For years, researchers in Colombia have been engaged in a little-known battle against a disease that could disrupt coffee drinking everywhere.
If you landed in Bogota in the 1960s, one of the first things you would have probably seen outside the airport was a giant billboard. In a slightly menacing tone, it said: “Coffee rust is the enemy. Don’t bring plant materials from abroad”.
It was one of the first warnings about a foe that has been threatening Colombia’s coffee trade ever since.
Coffee rust is a disease with the power to cripple, or even wipe out, the country’s national product, the base of one of its biggest industries, and one of its most important sources of foreign currency. Last year alone, its coffee exports were worth $2.4bn (£1.8bn), and was 7.7% of all goods the country sold overseas. That makes Colombia the third largest producer of coffee in the world. In other words, if rust takes hold there and global supply dwindles, it will affect the price of the coffee we drink everywhere.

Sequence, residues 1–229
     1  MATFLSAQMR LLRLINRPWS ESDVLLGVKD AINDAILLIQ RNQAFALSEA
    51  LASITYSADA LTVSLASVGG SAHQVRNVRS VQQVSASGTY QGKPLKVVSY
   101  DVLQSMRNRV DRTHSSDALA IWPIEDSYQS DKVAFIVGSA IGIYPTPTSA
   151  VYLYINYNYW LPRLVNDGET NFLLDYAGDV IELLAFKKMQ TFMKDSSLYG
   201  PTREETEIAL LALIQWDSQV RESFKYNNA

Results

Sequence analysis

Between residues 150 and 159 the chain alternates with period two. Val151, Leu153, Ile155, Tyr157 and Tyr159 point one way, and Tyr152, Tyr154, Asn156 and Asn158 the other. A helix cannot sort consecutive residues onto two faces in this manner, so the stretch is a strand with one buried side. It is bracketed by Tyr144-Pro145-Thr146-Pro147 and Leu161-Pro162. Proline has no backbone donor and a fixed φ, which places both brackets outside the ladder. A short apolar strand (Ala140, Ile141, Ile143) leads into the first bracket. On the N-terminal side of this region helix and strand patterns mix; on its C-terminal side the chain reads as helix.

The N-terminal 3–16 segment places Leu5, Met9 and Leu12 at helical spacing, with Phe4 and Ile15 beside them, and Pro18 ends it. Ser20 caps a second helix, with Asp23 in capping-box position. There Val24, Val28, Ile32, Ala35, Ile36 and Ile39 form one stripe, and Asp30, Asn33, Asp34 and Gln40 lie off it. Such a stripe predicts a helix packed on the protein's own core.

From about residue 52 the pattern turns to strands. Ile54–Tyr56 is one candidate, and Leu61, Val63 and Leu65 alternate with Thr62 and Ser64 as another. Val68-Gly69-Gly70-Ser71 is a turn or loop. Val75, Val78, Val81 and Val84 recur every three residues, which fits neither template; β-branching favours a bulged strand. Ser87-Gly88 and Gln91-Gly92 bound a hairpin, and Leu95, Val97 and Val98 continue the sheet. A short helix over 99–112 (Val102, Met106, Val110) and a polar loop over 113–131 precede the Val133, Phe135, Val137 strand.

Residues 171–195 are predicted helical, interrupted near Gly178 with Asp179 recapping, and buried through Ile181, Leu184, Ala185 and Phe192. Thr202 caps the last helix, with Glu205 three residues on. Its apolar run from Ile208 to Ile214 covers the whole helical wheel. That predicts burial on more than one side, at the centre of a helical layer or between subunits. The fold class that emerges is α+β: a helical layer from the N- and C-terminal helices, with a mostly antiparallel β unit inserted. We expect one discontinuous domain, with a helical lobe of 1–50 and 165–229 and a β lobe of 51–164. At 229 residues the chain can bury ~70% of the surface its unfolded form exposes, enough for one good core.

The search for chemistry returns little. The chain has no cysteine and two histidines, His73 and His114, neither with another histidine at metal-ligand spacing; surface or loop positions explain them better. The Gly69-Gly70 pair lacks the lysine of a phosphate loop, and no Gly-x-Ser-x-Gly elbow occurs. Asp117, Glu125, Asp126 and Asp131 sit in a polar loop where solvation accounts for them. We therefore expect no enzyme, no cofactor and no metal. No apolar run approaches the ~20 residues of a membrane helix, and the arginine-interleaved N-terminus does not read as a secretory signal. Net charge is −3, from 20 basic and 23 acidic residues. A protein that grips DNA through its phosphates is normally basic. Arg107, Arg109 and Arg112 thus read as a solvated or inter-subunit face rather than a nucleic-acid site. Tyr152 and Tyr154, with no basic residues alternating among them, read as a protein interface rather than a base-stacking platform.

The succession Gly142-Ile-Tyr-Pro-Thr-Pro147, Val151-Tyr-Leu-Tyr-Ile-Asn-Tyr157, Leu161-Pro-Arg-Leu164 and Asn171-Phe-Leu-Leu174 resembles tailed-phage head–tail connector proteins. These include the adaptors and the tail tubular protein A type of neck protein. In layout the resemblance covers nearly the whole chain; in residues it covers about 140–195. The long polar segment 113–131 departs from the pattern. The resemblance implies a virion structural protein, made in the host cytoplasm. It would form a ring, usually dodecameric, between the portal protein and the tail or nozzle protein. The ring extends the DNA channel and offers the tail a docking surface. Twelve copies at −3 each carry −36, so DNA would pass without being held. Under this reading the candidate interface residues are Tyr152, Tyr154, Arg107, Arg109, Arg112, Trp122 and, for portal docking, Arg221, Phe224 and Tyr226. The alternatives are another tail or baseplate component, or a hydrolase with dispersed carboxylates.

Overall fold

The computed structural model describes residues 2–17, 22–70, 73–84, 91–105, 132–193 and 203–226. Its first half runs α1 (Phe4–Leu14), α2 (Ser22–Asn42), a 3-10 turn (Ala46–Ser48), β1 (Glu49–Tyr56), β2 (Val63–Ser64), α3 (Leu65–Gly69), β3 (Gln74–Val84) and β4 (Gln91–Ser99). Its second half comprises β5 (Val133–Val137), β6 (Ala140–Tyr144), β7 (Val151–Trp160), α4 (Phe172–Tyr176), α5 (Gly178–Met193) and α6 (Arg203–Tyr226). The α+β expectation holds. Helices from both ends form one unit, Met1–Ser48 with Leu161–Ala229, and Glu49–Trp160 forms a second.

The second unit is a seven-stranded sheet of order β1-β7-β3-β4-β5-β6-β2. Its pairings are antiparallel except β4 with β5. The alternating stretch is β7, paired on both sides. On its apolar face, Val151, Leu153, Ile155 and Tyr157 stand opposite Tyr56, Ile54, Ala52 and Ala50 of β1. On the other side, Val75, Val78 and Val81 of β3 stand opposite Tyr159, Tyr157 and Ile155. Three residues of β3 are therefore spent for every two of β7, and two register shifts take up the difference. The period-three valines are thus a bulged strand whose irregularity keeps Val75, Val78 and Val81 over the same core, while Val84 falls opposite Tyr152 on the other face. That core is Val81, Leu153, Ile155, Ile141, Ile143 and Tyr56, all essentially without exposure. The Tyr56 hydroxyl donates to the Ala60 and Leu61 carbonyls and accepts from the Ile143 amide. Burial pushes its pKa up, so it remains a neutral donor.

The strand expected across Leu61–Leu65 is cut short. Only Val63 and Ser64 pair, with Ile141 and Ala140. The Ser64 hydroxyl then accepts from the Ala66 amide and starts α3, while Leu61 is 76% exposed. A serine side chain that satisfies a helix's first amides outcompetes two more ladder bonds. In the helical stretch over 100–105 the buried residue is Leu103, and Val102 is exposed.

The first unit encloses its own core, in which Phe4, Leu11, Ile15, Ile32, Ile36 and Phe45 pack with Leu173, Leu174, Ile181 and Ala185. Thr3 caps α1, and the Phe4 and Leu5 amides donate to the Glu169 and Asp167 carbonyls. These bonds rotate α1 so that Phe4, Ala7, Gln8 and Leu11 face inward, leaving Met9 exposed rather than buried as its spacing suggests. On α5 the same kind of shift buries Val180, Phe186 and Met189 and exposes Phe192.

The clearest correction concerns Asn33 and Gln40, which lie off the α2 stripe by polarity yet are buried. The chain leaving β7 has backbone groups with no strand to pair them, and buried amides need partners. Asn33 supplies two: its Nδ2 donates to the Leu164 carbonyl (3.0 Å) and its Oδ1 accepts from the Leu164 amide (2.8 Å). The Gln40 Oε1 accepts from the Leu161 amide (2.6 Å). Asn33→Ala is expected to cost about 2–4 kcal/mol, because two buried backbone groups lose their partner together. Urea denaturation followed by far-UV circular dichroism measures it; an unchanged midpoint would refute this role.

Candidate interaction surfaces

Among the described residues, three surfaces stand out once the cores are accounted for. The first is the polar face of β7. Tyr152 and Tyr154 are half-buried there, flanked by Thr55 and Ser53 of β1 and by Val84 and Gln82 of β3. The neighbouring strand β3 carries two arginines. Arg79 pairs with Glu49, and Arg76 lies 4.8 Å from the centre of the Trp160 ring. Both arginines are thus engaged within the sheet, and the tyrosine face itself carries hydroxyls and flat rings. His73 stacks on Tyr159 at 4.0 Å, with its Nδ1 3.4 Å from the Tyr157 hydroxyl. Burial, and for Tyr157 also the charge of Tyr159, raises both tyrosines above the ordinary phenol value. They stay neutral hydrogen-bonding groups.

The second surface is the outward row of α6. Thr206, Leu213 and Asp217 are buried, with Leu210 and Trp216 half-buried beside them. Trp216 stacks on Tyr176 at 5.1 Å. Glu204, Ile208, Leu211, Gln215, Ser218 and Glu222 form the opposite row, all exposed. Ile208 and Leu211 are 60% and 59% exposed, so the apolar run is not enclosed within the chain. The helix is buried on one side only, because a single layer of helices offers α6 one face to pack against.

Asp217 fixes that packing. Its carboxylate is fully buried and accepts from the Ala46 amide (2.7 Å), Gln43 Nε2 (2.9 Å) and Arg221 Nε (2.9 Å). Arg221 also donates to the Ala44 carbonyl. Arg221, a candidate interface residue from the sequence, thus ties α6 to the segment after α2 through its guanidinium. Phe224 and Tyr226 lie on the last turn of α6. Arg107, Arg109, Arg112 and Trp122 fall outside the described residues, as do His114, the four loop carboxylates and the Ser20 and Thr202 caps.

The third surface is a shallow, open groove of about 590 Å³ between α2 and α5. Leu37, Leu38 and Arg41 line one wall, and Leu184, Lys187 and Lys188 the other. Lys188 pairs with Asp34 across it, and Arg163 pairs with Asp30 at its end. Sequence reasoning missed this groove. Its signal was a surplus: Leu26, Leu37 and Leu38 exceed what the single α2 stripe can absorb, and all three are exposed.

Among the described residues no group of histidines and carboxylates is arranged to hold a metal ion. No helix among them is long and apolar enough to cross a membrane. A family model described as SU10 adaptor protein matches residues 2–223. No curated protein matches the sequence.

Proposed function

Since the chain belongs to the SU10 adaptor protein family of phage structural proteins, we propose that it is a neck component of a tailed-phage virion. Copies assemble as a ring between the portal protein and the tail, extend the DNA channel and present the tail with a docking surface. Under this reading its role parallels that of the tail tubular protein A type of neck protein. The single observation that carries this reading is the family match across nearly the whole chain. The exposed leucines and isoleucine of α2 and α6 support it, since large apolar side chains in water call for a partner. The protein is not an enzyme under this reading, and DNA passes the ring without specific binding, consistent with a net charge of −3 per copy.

That’s why for the past few decades, Colombia’s scientists have been engaged in a little-known battle with the disease, staged from a small laboratory deep inside the mountains of Colombia’s coffee axis.
The question is, can Colombian coffee’s distinct flavours survive intact?
Coffee rust has plagued farmers for more than a century. When a tree gets infected by it, its leaves produce a brown, thin powder when scratched, pretty much like iron rust. The disease, caused by the fungus Hemileia vastatrix, also de-colours the bush’s leaves from a bright green to a brownish yellow. In the end, the tree loses all its leaves, as well as its ability to produce beans.
If left unattended, the disease can have dramatic consequences. In the late 19th Century, Sri Lanka, the Philippines, and other countries in Southeast Asia were the major exporters of coffee in the world. In a matter of decades, the disease meant they practically stopped growing it.